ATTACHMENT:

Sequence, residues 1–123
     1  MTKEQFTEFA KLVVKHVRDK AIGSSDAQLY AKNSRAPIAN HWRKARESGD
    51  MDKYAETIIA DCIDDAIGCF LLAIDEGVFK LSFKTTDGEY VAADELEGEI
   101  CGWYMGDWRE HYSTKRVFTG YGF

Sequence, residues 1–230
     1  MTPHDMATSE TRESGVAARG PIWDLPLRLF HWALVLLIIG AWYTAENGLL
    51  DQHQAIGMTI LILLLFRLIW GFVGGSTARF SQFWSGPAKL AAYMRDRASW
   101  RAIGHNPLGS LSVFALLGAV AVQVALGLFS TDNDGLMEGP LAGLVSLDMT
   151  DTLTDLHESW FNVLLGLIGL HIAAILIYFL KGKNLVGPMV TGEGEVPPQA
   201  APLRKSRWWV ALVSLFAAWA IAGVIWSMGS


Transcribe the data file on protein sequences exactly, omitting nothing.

Sequence, residues 1–123
     1  MTKEQFTEFA KLVVKHVRDK AIGSSDAQLY AKNSRAPIAN HWRKARESGD
    51  MDKYAETIIA DCIDDAIGCF LLAIDEGVFK LSFKTTDGEY VAADELEGEI
   101  CGWYMGDWRE HYSTKRVFTG YGF

Sequence, residues 1–230
     1  MTPHDMATSE TRESGVAARG PIWDLPLRLF HWALVLLIIG AWYTAENGLL
    51  DQHQAIGMTI LILLLFRLIW GFVGGSTARF SQFWSGPAKL AAYMRDRASW
   101  RAIGHNPLGS LSVFALLGAV AVQVALGLFS TDNDGLMEGP LAGLVSLDMT
   151  DTLTDLHESW FNVLLGLIGL HIAAILIYFL KGKNLVGPMV TGEGEVPPQA
   201  APLRKSRWWV ALVSLFAAWA IAGVIWSMGS